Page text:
Thursday, December 02, 2010

Witnesses Testify in Graham Trial, Judge Decides Marshall Must Too

Rapid Reports (Dec. 01)


Witnesses Testify in Graham Trial, Judge Decides Marshall Must Too

RAPID CITY -- Judge Jack Delaney has ruled that Richard Marshall must
testify. The ruling came at 9:30am this morning. Dana Hanna, attorney for
Richard Marshall, argued that the prosecution is only calling Marshall to
the stand so that they may later charge him with perjury. Perjury is a
parole violation and as Marshall is on life time parole he would be
incarcerated until the time of trial. If found guilty, this would be
Marshall's third strike, committing him to life in prison.

Hanna argued that the perjury charge was the State's "contingency plan all

Judge Jack Delaney said that to prove the case the state likely needs
Marshall's testimony and that he does not have to perjure himself by
taking the stand. Hanna says that Marshall will take the stand and tell
the truth, but that his understanding of the facts conflicts with the
government's view.

Opening statements were given at 10:00am by both Marty Jackley,
prosecuting attorney, and John Murphy, attorney for John Graham.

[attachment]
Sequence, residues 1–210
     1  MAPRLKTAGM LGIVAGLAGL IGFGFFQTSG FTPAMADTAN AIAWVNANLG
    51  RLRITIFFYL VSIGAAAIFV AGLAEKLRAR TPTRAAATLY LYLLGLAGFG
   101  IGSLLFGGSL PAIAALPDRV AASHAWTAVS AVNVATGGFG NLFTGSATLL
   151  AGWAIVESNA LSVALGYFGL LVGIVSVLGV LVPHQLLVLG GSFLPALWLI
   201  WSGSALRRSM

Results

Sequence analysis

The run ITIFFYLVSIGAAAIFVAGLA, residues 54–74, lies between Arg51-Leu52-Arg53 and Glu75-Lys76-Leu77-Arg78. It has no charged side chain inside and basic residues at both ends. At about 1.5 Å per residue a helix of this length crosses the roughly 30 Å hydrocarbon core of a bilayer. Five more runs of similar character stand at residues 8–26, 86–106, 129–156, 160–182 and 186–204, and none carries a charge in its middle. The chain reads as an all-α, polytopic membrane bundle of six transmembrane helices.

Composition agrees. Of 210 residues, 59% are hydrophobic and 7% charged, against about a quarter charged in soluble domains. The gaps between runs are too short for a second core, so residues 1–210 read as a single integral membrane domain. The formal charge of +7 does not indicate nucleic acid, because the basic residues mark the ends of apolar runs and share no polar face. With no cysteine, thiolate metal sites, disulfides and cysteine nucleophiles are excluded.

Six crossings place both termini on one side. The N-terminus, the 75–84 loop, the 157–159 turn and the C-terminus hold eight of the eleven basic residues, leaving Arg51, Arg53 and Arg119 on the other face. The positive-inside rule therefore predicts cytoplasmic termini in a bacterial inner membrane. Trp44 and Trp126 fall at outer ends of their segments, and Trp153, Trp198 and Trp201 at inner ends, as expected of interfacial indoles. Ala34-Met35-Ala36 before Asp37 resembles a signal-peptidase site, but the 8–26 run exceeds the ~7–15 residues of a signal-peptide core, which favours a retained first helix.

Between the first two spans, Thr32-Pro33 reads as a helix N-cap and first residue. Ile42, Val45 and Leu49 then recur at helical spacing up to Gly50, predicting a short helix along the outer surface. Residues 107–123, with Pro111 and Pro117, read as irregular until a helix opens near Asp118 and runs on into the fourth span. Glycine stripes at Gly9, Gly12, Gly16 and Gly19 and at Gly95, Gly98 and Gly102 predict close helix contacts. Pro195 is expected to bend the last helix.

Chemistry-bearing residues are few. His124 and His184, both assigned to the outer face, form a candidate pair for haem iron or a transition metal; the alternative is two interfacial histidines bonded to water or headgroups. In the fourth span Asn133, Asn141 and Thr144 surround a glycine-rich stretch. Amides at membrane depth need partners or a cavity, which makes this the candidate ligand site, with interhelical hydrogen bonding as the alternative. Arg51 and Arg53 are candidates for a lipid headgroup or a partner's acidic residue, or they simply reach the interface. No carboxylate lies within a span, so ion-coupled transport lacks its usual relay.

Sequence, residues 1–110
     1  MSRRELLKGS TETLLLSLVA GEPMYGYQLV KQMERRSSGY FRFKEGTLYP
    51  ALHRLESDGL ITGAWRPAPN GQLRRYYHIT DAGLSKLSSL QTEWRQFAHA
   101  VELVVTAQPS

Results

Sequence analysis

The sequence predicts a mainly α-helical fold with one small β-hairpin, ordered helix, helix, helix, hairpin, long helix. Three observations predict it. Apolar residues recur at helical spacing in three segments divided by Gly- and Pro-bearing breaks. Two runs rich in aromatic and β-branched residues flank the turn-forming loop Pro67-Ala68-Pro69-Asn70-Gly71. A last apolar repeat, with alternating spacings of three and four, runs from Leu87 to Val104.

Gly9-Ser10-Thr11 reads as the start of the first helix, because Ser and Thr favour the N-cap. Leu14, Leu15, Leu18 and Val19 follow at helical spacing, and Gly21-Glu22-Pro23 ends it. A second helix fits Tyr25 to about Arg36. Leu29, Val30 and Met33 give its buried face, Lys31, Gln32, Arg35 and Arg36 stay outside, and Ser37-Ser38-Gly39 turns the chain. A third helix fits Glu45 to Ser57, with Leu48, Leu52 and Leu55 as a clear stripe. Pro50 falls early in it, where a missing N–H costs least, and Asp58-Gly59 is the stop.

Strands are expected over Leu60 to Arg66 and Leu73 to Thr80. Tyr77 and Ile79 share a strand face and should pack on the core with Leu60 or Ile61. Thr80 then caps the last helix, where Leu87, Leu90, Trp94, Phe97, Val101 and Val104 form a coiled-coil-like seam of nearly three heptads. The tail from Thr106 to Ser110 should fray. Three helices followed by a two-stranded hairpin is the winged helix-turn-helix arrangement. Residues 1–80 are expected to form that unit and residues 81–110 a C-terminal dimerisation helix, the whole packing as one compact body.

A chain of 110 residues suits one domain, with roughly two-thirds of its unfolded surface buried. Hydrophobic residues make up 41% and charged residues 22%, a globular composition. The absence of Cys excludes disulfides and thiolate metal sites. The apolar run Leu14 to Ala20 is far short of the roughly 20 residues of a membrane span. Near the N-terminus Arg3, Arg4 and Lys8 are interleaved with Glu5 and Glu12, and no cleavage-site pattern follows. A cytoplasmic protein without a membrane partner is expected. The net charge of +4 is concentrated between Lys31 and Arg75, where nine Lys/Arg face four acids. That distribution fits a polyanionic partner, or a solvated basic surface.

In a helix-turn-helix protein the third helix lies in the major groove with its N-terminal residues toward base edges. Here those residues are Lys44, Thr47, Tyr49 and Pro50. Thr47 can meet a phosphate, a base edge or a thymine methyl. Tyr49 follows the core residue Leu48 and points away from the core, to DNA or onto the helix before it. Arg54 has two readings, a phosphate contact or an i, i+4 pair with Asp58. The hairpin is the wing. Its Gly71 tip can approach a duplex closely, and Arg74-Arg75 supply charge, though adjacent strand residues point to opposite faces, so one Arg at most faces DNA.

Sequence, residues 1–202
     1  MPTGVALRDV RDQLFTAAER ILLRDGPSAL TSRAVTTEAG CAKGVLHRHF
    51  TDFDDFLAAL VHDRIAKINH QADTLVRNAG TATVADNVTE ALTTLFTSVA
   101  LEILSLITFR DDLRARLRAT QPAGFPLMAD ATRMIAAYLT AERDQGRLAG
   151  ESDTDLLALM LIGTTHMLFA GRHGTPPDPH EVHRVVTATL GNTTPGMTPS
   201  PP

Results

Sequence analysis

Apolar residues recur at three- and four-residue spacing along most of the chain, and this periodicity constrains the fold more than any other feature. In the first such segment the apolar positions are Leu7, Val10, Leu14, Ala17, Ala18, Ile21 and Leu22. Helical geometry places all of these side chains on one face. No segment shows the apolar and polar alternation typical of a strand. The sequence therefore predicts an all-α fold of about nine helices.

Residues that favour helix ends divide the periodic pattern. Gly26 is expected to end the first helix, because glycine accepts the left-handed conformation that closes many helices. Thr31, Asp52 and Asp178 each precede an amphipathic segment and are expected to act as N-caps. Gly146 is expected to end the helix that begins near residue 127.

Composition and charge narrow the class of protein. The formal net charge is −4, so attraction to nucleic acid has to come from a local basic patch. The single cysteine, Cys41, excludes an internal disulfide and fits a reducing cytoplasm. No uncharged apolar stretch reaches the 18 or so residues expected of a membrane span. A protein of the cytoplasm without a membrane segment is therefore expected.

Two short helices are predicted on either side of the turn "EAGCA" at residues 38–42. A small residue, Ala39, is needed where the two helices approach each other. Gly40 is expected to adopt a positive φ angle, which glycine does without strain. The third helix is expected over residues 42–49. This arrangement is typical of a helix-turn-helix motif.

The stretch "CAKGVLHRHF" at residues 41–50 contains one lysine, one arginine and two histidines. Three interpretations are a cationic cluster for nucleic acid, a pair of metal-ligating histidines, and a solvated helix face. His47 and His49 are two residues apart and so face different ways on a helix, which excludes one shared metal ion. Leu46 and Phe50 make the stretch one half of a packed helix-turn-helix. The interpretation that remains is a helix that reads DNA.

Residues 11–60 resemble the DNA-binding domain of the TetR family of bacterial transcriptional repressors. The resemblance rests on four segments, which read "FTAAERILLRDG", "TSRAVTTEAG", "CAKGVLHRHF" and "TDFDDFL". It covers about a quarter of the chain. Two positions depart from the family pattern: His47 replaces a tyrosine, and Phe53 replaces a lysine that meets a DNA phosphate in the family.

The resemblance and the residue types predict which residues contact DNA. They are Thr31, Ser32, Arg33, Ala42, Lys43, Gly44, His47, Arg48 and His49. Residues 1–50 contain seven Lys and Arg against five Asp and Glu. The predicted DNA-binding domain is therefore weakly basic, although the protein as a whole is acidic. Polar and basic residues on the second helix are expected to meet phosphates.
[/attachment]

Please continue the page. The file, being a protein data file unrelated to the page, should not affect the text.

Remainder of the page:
The afternoon session opened with witness testimony from Roger Amiotte, a
rancher who found the body of Anna Mae. John Munis (FBI agent 1968-1996),
William Wood (FBI agent 1966-1997), Nathan Merrick (BIA 1971-1994) and
Raymond Charles Handboy also testified today.

The testimony of all witnesses ran fairly similar to what they stated in
the Arlo Looking Cloud Trial of 2004, with some additions and variance.
This time, Raymond Handboy said that he did hear Anna Mae Aquash express
fear of the police or FBI.

Marty Jackley told the jury that AIM ordered Anna Mae murdered because
they believed her to be an informant. Anna Mae was never a government
informant and the State admits this. In fact, when she would not give the
FBI the information they wanted, she told friends that FBI Agent David
Price had threatened her with her life.

In the 1970's, a real informant was discovered within AIM, his name was
Douglas Durham. When his role as informant was uncovered he was not
murdered, instead he was made to give a press conference detailing his
relationship with the FBI.

Murphy's line of questioning with former FBI Agent William Wood
established that American Indian Movement lawyers and the FBI were
simultaneously trying to exhume the unidentified body of Anna Mae Aquash
in early March, 1976. Murphy also questioned Wood, and later, Nathan
Merrick about a suspicious phone call about a possible hit and rum victim
in the time before and at a similar location to where the body of Anna Mae
was found on February 24th, 1976.

Court resumes tomorrow at 8:30 am.

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